Whilst much attention has been focused on United States/China business risk and relations following the election of President Trump in the United States, other unrelated but more pressing threats to foreign business have arisen in the PRC.
Beijing’s ongoing and apparently escalating measures to contain capital outflows are already having a significant impact on foreign business operating in mainland China. Boards of directors and senior management need to take note immediately.
The crackdown has, from the mainland government’s perspective been successful and has, for now, staunched fund outflows with the result that China’s foreign exchange reserves rose by USD6.92 billion in February 2017, back above levels of USD3 trillion.
Tightening of Capital Controls
China’s government has temporarily resolved its “trilemma” of choosing between a loose monetary policy, a liberalising capital account and a controlled exchange rate – by tightening capital controls. The government quietly shifted policy after a mid-2015 stock market collapse, a sudden 2% devaluation in the yuan, and subsequent capital flight, all of which stoked fears about economic stability.
This policy has taken shape over the last eighteen months. Amongst other shifts, the State Administration of Foreign Exchange (“SAFE”)’s approval of foreign exchange applications slowed in early 2016, and in November 2016 the People’s Bank of China (“PBOC”) limited overseas investments by state owned enterprises. China’s outbound investment in the first quarter of 2017 fell 74% on a year earlier.
At a lower level, the SAFE in September 2015 curtailed overseas cash withdrawals through China UnionPay, a payment system, and in October 2016 closed a loophole on investment-related insurance policies. Public security officials in China have shut down many underground banks, and in Macau police have curtailed the use of cross-border sales terminals.
The Threat to Foreign Business
For all its success in slowing capital outflows, though, Beijing’s policy poses threats to foreign businesses. One immediate problem is weakened demand from Chinese customers, affecting industries across Asia. The end of the China UnionPay exemption damaged Hong Kong’s insurance business (selling into the mainland), and a decline in Chinese money has softened property prices in Johore, Sydney and Vancouver.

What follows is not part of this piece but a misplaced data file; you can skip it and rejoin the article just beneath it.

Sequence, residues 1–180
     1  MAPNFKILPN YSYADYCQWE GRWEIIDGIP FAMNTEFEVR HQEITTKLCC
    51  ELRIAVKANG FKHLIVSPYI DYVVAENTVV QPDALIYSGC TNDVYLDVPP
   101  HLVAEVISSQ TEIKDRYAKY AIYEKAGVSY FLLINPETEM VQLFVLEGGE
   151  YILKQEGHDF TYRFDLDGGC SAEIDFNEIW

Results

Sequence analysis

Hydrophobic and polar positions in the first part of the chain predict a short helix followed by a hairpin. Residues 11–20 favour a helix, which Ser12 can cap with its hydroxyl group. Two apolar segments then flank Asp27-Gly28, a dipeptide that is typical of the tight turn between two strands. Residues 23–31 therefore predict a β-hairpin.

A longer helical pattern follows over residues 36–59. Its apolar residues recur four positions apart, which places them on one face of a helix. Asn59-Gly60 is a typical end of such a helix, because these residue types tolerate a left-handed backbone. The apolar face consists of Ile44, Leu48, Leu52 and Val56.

Payment risk is now a serious threat. Chinese companies are struggling to transfer funds, meaning investors expecting dividends from shares or repayments on bonds could see delays in settlement, or even default. Companies dealing with Chinese manufacturers or exporters may also face payment difficulties.
Perhaps the most worrying threat however relates to enforcement. As ever after a policy shift in China, the number of investigations has risen, and it is just a question of time before the authorities decided to “kill a chicken to scare the monkeys”. A concern is that foreign businesses or executives will come under investigation. Trading companies are at particular risk, for instance, as the mispricing of goods is a common means to move funds out of China and this is well understood by the central government.
Sitting this policy shift out will not work – the threat is unlikely to diminish. Rather, capital controls also provide a tool with which China’s officials might respond to any US tariff rises, and regulatory action on capital flight may well become institutionalised, as has the anti-corruption campaign. Indeed, in February 2017 SAFE launched inquiries on trading businesses’ exposure to tariff rises, highlighting its role as an arbiter of policy on aspects of both trade and capital flows.
What to do?
Foreign businesses must respond to this changed environment. Regulatory action against almost any link in a payment chain will present a threat to operations, and may also result in the arrest of foreign or local executives. Companies should thus conduct an appraisal of payment systems to and from China, so as to gain full understanding of any risk and to plan mitigation measures.
Businesses reliant on fund flows from China should also reassess their financial positions to take account of prospective delays in payment, or even of defaults. In particular, companies should conduct intensive research on investment products linked to China, such as offshore “bonds” issued by Chinese companies, so as to ensure that they do not rely on transfers through questionable structures.